For time being, I am using the MQTTHQ server that is actually a public MQTT server to subscribe and publish information to. The server settings are really easy and in this case you do not need a username or password to setup your MQTT broker..Do keep in mind that anyone can do a scan for topics and subscribe or publish to your topic, so you might want to use this for prototyping and projects that do not include sensitive information.
The program begins by initializing the number of lights. you can use an "RGB" Unit in UIFlow and setup the light count easily. The settings for the Neopixels are really easy to follow along with in UIFlow.
Once you include the RGB Led "Unit" in your application, you can make easy use of several commands anywhere from setting a single neopixel a RGB color that you can choose from a color pallet, or setting more than one to a color, or setting all to a particular color. To turn the neopixels off, you can set them all to Black, or 0, 0, 0 RGB. You can also control the brightness and set it programmatically.
A little about powering neopixels. A short 1 meter string can be powered from the M5StickC or Stack, as long as you keep the brightness to a minimum. This really allows you to easily test your setup inside before you take it outside. For larger strands, neopixels pull about 60 milliamps per pixel, so doing the math, you can size your power supply accordingly. Adafruit has a really nice tutorial on sizing power supplies for neopixels if you would like to check it out. In addition to having a large enough power supply, it is recommended to power the neopixel strands either at each end of the strand or at the beginning and ending of the strand to ensure enough power to all the neopixels. The resistant and voltage drop through the neopixel strand is fairly significant.
Brief overview of the code.
The first block can be found in the Advanced-MQTT dropdown, it sets up the mqtt broker/server. I have set mine to a public broker public.mqtthq.com with a port setting of 1883 and a keepalive setting of 3000. The next block prints a true or false to the M5Stack/StickC screen indicating that the wifi connection is indeed connected. Next wee initialize the brightness of the NEOPIXEL string and set it to 10 out of 100. Next is a series of variables that I used for setting or recording the brightness of the neopixel strings, variables I and k I use and initialize for counting, and then three lists I used for setting the R, G, and B settings of the neopixels. Instead of just picking random colors for my Christmas neopixels, I wanted to have colors that I associate with Chrismas. The bright red, the brilliant blue, purple, and green. So I found an online resource with a really good christmas RGB pallet to pull from. This is pretty much it for the setup.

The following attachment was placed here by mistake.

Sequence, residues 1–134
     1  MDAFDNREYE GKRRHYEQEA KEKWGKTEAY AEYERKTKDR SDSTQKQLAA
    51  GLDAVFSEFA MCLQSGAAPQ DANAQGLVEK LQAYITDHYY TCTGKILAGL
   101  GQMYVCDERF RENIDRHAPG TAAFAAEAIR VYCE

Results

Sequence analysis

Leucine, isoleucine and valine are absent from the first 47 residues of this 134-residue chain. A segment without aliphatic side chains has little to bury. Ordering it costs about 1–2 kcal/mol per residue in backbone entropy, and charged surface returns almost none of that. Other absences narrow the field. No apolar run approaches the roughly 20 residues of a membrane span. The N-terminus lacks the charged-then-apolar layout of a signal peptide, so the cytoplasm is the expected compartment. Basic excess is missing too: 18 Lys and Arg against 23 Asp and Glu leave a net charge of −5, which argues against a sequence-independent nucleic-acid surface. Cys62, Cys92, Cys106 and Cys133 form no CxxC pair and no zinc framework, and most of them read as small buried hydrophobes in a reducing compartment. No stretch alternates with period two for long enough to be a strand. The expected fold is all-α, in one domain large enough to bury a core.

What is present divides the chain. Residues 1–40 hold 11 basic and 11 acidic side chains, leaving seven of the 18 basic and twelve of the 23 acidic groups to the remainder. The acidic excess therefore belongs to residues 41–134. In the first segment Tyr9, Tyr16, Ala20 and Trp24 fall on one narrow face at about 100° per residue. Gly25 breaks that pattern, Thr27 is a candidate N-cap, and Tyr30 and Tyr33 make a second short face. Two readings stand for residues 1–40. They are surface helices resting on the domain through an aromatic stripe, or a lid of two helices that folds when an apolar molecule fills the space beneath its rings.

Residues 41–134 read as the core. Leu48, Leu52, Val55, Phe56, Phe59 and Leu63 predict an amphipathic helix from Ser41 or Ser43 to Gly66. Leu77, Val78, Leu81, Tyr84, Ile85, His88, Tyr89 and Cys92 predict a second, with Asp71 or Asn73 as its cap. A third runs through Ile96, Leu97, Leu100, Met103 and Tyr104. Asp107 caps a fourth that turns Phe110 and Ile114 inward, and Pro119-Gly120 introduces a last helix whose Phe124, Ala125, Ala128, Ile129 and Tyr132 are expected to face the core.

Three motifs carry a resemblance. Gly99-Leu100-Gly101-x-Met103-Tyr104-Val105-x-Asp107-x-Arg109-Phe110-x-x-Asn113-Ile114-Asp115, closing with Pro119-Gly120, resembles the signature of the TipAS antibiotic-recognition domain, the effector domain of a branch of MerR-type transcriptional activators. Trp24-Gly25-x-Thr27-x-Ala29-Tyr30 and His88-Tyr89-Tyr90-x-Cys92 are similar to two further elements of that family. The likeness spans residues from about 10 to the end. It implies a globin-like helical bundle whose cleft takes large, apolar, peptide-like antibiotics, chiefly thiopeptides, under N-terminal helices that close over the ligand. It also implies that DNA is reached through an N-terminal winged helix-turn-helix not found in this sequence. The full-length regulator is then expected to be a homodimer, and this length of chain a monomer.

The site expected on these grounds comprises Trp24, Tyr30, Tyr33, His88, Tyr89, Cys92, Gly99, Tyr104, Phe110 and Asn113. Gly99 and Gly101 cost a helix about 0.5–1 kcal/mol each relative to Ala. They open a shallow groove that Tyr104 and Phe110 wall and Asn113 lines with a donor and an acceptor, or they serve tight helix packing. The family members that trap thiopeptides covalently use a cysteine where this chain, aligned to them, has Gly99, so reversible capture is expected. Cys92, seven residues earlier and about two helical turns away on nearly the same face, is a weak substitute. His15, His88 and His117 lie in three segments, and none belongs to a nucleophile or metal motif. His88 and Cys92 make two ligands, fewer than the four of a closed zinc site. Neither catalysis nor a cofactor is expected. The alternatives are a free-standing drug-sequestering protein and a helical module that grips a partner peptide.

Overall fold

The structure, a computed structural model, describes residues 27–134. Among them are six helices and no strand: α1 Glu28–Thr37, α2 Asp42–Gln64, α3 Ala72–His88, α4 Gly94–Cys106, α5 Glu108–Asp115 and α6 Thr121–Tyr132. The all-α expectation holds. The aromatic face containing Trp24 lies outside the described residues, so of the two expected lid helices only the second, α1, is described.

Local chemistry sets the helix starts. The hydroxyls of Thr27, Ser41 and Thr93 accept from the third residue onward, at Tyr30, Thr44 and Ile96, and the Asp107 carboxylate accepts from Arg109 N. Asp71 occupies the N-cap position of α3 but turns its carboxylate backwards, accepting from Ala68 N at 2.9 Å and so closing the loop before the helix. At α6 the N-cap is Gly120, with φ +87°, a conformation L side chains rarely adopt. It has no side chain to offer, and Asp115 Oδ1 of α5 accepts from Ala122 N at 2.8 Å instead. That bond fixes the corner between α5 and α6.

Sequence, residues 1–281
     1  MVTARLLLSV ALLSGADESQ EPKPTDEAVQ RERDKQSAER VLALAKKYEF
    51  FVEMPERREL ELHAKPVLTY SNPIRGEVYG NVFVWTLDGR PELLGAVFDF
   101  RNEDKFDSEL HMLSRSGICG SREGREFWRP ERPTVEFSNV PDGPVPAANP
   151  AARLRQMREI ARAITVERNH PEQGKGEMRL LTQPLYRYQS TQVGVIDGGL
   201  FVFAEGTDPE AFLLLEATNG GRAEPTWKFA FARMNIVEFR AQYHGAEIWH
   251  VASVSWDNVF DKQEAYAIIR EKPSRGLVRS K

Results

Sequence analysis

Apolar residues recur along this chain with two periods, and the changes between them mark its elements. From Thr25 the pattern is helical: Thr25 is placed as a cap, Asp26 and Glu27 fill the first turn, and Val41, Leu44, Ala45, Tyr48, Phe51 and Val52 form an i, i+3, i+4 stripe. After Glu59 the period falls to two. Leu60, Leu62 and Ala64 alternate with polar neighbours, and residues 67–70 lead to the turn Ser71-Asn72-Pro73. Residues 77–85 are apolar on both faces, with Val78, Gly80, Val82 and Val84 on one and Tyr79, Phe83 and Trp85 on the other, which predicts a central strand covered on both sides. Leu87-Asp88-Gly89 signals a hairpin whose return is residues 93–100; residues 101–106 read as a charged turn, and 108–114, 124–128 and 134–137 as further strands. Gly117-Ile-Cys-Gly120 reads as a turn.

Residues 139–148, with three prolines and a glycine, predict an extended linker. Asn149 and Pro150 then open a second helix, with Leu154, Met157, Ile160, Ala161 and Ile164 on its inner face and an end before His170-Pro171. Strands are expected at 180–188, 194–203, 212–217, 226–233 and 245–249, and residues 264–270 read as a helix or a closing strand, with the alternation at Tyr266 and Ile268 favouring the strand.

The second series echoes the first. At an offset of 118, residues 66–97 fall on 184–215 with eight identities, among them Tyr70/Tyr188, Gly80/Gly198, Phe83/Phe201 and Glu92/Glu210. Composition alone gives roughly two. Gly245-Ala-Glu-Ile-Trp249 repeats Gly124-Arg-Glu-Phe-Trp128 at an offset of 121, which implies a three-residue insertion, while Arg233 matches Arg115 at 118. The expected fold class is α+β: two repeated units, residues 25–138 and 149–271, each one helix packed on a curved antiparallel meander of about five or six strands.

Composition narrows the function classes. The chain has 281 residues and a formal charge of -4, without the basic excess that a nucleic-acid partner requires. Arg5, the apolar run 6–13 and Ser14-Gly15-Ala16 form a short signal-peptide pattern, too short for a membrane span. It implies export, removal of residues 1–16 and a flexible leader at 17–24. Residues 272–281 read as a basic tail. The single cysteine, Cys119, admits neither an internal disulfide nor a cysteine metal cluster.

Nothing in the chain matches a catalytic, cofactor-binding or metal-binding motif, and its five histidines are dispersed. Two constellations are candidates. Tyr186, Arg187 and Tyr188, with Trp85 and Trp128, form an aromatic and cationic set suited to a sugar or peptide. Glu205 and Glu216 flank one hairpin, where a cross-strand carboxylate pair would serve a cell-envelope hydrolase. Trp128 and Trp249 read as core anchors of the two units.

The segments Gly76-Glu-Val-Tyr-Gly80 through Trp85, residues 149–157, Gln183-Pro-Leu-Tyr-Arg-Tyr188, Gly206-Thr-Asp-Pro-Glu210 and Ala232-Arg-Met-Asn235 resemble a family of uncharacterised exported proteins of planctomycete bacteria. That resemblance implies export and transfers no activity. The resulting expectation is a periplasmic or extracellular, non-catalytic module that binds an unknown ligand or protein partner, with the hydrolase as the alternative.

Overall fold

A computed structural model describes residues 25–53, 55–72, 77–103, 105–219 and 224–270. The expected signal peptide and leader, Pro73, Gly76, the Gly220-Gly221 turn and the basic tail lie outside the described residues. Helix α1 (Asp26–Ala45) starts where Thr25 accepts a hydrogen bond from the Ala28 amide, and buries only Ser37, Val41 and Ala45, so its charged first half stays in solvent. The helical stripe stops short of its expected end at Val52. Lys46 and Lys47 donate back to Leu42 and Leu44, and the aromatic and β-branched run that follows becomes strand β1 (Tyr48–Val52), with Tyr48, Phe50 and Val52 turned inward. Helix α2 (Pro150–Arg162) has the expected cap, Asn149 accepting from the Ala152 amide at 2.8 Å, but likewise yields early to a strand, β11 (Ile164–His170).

Next is the Loop portion of the code. We start with a repeat block that you use to repeat or iterate throught he colors and neopixels, this is set to the number of lights in your neopixel string. In my case, I'm using 60 for my 1 meter test strip and 600 for my display in the front yard. I use k as the counting variable in this while loop.
I use "i" to increment to each pixel in the string. I make use of the lists of light colors I have created. First I pick a random number between 0 and 4 because the lists are 0 based lists. Once I choose my random number I use that to retrieve the "R", "G", and "B" setting and store those in variables "colorr", "colorg", and "colorb".
I use a switch case to see if I have received instructions from my mqttt subscribe function "kgslightshowx". If I have received text from that subscription that matches the string "RANDOM", "RED", "BLUE, or "WHITE" I decide what to set the pixel color at this point in the string. If one sends it something other than the above colors, or strings, it will default to a White setting and diplay all white neopixels.
To make it more interesting I nested one loop inside another so that it works its way through your whole neopixel string lighting up neopixels 0-10, then turns those off and then lights up neopixels 11-20, 21-30, 31-40 and so on until it reaches the number of pixels you have in your complete string of neopixels. This can be adjusted to as few or as many pixels as you like to make it interesting and can potentially be a variable that is changed via MQTT subscription. The fun thing about the program is that you can really build off the fundamentals in it and really make the light show your very own. Try it out, change the count, change the delays, or even the colors, using the colors that you associate with the holidays.
If you would like, say "Hi" by publishing your favorite light color to the "kgslightshowx" channel. You can choose from the colors above "RANDOM", "RED", "BLUE, or "WHITE". I thought about taking this a step further and using a M5Stack fire or the Grey controller with a SD card and allowing people to publish their location to my programs so I can see where everyone lived, but I was uncertain about the amount or type of data I would receive.
And here is the video of the end result.
I guess the presentation is a little lame. I'll work on it, but I just had to give these programmable neopixels a shot.